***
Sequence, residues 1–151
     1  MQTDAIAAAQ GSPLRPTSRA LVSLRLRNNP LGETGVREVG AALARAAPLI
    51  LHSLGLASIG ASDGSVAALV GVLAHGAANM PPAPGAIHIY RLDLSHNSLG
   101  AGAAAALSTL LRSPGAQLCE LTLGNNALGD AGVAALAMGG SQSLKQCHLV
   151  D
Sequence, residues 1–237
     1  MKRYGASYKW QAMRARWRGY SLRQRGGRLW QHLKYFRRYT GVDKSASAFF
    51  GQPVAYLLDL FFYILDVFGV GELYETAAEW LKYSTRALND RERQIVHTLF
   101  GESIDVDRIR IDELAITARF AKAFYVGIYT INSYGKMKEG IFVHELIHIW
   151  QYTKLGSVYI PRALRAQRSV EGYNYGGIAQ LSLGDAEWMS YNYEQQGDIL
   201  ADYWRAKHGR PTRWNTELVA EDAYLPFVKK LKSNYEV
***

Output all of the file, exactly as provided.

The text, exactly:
Sequence, residues 1–151
     1  MQTDAIAAAQ GSPLRPTSRA LVSLRLRNNP LGETGVREVG AALARAAPLI
    51  LHSLGLASIG ASDGSVAALV GVLAHGAANM PPAPGAIHIY RLDLSHNSLG
   101  AGAAAALSTL LRSPGAQLCE LTLGNNALGD AGVAALAMGG SQSLKQCHLV
   151  D
Sequence, residues 1–237
     1  MKRYGASYKW QAMRARWRGY SLRQRGGRLW QHLKYFRRYT GVDKSASAFF
    51  GQPVAYLLDL FFYILDVFGV GELYETAAEW LKYSTRALND RERQIVHTLF
   101  GESIDVDRIR IDELAITARF AKAFYVGIYT INSYGKMKEG IFVHELIHIW
   151  QYTKLGSVYI PRALRAQRSV EGYNYGGIAQ LSLGDAEWMS YNYEQQGDIL
   201  ADYWRAKHGR PTRWNTELVA EDAYLPFVKK LKSNYEV